Peter Weir Short Film Collection is a wonderful collection of some early works of this great Australian director, at a time when the local film industry was beginning to take great strides forward. These films may not appeal to the average mainstream film viewer, but if you’re keen to view the rarely seen beginnings of Peter Weir’s career, or you are a fan of early Australian cinema, then this will be an asset to your collection.
Reading through the current filmography of Weir’s impressive body of work, it’s safe to say that not many filmmakers could match the level of consistent quality in their work. From these humble beginnings, Peter Weir has firmly established himself as one of world’s finest film directors.
Three To Go: Michael (29:29) 1969 – B&W
This film, Michael, is one part of a trilogy of stories, combined into a film entitled Three To Go . The other two stories, “Judy” and “Toula”, were both directed by Brian Hannant. The Peter Weir instalment, Michael, centres on the problems of young Australian people in a time of rebellion and confusion, due mainly to the war in Vietnam and changing social issues. The film opens with an impressive fantasy scene, involving civil war in the streets of Sydney.
Michael (Matthew Burton), lives with his parents in a comfortable middle class family home. However, there is a rebellious side to Michael, which threatens to burst out. He falls under the influence of activist Grahame (Grahame Bond), and begins to spend time with him and his group of friends. As much as Michael tries to fit in with the group, his middle class family ties ultimately hold him back from his revolutionary dreams.
Three Directions In Pop Music (10:18) 1972 – Colour
This is an interesting snapshot of some Australian music artists of the early seventies, all quite different in styles. The first artist featured is Wendy Saddington and Teardrop, who combined an element of mime with their music. The second featured artist is jug music band The Captain Matchbox Whoopee Band. Third is the heavier and psychedelic rock music of Indelible Murtceps.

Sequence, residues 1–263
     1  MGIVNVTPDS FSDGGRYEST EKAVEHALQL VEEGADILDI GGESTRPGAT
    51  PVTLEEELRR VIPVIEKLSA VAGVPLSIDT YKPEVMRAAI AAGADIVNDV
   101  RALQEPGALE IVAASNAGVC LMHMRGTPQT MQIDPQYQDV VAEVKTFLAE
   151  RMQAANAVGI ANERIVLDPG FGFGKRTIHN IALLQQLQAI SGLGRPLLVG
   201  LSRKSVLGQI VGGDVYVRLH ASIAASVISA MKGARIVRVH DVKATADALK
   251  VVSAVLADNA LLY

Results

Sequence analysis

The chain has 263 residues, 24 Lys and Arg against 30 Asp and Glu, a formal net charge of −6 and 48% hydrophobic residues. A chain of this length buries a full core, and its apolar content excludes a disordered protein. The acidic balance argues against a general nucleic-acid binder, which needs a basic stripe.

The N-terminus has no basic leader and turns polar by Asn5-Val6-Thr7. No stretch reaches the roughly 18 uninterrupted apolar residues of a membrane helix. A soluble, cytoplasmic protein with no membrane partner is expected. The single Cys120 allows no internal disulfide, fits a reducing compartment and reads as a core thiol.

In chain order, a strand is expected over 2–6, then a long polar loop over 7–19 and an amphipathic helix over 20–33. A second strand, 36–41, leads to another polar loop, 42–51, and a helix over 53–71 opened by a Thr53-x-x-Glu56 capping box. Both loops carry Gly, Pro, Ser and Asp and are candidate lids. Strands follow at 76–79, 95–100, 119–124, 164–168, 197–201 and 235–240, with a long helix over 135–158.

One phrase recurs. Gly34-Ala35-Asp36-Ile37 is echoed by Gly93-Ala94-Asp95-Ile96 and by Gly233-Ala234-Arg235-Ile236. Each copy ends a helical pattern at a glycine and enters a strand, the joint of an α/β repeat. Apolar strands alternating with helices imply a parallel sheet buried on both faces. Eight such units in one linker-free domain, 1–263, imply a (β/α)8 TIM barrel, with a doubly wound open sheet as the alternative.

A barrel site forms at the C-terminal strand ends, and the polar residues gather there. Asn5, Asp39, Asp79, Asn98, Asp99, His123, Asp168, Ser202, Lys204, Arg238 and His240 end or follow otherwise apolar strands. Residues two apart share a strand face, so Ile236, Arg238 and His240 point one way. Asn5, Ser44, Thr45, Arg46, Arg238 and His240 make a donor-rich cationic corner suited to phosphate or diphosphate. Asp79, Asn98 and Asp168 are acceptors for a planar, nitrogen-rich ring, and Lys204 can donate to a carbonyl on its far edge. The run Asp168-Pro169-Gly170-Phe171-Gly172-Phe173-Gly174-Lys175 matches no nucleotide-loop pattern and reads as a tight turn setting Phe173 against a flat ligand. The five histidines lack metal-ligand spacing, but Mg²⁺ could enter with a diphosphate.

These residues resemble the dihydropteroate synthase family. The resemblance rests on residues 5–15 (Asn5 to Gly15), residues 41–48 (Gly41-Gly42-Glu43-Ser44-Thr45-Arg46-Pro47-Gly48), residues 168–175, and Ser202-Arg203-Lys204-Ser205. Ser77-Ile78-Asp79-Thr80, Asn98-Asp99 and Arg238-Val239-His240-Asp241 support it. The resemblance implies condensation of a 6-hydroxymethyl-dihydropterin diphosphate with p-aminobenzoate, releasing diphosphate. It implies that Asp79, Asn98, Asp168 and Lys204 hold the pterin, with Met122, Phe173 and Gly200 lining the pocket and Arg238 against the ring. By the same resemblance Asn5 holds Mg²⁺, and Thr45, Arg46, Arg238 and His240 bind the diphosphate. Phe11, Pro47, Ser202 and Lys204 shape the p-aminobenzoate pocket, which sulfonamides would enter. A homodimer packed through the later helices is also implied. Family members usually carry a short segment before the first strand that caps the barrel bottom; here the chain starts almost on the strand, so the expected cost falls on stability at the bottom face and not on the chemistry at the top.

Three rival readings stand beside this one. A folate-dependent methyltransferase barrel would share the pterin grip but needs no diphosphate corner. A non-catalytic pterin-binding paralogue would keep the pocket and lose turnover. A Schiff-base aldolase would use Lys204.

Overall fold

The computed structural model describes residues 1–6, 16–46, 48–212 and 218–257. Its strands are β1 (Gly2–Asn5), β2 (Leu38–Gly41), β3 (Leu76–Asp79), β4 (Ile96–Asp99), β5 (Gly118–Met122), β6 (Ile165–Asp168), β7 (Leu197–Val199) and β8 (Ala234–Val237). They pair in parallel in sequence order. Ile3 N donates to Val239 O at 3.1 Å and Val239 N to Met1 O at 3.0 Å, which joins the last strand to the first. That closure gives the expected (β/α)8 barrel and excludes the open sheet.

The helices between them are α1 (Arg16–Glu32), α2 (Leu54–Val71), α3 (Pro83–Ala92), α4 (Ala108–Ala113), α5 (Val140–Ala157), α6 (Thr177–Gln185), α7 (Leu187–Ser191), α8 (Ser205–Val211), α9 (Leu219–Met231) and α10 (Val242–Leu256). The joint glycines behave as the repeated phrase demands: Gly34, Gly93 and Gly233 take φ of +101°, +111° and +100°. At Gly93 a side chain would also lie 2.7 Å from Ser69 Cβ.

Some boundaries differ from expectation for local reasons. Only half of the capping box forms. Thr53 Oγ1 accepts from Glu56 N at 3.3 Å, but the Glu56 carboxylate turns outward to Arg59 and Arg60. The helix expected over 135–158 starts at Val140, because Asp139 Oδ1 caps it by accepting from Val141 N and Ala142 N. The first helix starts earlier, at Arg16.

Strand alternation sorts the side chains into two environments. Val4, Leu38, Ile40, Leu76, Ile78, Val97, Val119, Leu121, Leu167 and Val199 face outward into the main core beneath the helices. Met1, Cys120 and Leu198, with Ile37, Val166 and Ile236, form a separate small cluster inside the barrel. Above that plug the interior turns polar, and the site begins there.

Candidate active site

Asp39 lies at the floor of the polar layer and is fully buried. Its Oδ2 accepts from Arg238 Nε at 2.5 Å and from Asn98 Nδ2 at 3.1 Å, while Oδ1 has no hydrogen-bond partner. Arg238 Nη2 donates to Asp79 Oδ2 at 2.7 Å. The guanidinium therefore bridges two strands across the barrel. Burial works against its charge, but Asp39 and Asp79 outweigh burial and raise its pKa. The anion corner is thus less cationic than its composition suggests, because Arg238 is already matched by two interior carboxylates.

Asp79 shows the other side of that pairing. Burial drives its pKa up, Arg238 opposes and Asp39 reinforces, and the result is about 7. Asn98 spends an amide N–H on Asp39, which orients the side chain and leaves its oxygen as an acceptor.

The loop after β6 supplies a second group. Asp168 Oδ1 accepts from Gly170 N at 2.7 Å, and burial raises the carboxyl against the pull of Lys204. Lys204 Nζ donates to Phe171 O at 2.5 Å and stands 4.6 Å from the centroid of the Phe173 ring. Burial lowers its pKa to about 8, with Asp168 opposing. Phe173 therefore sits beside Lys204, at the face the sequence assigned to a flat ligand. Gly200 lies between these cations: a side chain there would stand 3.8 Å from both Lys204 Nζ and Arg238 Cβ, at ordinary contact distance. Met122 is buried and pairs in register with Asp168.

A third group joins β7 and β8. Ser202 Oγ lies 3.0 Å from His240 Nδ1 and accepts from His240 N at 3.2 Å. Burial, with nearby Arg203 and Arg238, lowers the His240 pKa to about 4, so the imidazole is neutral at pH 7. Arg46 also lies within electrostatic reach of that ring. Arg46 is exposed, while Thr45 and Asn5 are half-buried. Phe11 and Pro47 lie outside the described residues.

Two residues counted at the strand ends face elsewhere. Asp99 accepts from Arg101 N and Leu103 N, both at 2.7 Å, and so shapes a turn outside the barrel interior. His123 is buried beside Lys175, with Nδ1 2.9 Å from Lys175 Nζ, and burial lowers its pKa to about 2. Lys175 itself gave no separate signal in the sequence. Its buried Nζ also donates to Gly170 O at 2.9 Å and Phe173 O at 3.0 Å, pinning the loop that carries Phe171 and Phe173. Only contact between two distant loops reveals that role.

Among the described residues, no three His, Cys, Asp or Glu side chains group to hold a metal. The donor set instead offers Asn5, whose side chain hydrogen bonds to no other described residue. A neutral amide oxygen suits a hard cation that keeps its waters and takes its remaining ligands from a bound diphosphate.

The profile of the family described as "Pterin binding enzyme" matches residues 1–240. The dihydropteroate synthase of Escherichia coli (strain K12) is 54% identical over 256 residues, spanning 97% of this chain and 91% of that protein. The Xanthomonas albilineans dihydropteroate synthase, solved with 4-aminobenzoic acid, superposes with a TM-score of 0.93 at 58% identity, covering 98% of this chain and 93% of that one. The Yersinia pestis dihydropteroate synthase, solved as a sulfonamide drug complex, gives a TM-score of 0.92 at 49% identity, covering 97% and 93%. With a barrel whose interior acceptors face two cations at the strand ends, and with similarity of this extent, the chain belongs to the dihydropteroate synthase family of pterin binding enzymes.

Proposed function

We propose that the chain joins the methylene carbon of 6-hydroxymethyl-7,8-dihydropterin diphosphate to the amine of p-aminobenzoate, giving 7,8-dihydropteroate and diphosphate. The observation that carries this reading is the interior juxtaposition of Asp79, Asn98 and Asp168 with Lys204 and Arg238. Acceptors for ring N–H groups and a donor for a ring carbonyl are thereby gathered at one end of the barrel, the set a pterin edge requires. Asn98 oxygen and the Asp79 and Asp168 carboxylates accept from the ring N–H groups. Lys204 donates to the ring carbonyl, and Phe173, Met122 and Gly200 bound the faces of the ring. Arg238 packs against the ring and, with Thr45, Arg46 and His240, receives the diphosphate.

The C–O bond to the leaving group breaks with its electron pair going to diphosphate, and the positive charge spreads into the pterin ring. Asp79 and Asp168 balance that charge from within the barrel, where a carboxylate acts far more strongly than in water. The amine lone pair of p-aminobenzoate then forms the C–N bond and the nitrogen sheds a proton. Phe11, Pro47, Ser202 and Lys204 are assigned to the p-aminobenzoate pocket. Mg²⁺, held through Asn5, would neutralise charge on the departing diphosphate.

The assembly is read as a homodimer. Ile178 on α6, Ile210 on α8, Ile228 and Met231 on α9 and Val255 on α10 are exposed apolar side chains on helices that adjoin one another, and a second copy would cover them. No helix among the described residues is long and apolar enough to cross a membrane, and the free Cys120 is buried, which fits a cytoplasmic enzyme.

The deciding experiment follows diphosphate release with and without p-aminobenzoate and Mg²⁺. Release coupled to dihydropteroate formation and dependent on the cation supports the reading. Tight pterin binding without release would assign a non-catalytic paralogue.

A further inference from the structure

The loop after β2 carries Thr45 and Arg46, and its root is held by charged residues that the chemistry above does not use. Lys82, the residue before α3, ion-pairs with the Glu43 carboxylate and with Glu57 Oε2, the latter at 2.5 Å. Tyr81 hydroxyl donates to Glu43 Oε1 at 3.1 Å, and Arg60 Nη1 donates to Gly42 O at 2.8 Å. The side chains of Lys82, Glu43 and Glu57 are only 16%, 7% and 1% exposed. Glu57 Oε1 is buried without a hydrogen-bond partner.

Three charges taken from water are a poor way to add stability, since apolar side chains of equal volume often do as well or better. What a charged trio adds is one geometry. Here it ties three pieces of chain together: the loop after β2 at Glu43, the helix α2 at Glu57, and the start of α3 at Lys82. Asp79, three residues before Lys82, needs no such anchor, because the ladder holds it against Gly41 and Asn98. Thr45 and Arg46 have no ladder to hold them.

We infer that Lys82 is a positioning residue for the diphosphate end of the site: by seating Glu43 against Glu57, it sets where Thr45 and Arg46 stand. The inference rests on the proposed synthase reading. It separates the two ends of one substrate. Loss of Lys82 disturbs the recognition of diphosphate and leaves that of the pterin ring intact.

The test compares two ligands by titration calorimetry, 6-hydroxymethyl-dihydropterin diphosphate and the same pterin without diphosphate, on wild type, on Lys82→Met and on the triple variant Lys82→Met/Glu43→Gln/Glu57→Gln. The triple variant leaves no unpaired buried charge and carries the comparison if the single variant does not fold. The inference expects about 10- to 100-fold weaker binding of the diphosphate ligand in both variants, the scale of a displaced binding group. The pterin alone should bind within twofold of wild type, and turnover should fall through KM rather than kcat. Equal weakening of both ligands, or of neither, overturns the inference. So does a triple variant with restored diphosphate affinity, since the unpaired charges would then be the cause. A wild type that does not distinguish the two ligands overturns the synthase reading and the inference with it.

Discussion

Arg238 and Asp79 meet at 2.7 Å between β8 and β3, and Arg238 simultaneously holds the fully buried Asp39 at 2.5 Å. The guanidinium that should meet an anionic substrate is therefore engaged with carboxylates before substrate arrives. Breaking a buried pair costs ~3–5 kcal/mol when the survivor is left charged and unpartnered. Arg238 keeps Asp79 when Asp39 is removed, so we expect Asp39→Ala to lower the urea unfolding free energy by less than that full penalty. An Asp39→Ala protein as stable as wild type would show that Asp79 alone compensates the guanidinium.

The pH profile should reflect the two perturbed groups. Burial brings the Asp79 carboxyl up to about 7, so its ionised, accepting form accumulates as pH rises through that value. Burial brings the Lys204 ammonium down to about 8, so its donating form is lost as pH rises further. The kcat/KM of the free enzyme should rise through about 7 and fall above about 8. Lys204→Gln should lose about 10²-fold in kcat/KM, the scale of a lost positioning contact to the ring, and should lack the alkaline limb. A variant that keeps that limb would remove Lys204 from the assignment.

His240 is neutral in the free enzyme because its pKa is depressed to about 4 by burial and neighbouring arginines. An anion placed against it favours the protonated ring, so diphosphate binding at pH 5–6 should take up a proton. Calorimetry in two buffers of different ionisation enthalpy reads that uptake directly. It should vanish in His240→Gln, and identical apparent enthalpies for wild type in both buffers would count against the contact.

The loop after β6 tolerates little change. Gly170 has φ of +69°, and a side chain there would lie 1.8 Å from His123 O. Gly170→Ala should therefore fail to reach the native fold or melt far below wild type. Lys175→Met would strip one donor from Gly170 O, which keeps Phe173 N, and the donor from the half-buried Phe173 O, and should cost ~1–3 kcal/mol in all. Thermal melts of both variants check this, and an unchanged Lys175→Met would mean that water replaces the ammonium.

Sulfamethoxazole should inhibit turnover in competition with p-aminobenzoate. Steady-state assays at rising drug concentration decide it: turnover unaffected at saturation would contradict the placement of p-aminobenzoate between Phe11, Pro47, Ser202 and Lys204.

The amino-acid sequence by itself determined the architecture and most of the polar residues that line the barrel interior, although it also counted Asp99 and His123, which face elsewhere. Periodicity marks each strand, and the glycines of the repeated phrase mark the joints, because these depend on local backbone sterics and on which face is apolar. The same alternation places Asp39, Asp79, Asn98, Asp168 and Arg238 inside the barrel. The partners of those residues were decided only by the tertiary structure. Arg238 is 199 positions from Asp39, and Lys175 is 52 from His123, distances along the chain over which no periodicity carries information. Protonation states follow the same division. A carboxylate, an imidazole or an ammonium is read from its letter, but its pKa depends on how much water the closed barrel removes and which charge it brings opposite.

Incredible Floridas (11:45) 1972 – Colour
This short film documents Australian composer Richard Meale’s homage to the young French poet, Arthur Rimbaud. Meale composed a music piece for woodwind, percussion and strings which he titled “Incredible Floridas”. This music is based on the poetry of the Frenchman, which many may find a little obscure.
Homesdale (47:54) 1971 – B&W –
Homesdale is a black comedy with a twist. It was also the last film in which Peter Weir “the actor” appears in a small cameo role.
Many elements in this film recur with much more polish in his later films, and in particular there is a very similar sense of underlying menace and dread in Weir’s first feature film, The Cars That Ate Paris.
Guests arrive to spend the weekend at the Homesdale Hunting Lodge. This is an isolated summer lodge, staffed by people who look more like mental hospital staff. All this is overseen by the bizarre and creepy lodge director, who seems to know everything about his guests. The purpose of the lodge is to help fulfil the secret fantasies and desires of the guests, all of whom have different reasons for being there.
The guests include Mr Vaughan (Barry Donely), Mr Levy (James Lear), Mrs Sharpe (Doreen Warburton), Miss Greenoak (Kate Fitzpatrick), Mr Kevin (Grahame Bond) and most interesting of all, Mr Malfrey (Geoff Malone).
All the characters have some element of interest to their personalities except Mr Malfrey. He is particularly introverted, much to the frustration of the director and his staff. As all the guests participate in the bizarre games and situations concocted by the staff, Mr Malfrey fails to make an impression. When he begins to receive the taunts of Mr Kevin, a more sinister and disturbing side of Mr Malfrey’s personality starts to emerge.